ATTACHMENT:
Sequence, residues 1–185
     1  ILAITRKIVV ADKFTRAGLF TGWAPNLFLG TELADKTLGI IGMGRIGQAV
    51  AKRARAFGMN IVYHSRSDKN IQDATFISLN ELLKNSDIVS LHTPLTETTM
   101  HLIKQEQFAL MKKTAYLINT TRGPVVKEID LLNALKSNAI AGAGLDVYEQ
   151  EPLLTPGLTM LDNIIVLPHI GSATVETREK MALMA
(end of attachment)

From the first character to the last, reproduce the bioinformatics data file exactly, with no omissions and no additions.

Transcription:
Sequence, residues 1–185
     1  ILAITRKIVV ADKFTRAGLF TGWAPNLFLG TELADKTLGI IGMGRIGQAV
    51  AKRARAFGMN IVYHSRSDKN IQDATFISLN ELLKNSDIVS LHTPLTETTM
   101  HLIKQEQFAL MKKTAYLINT TRGPVVKEID LLNALKSNAI AGAGLDVYEQ
   151  EPLLTPGLTM LDNIIVLPHI GSATVETREK MALMA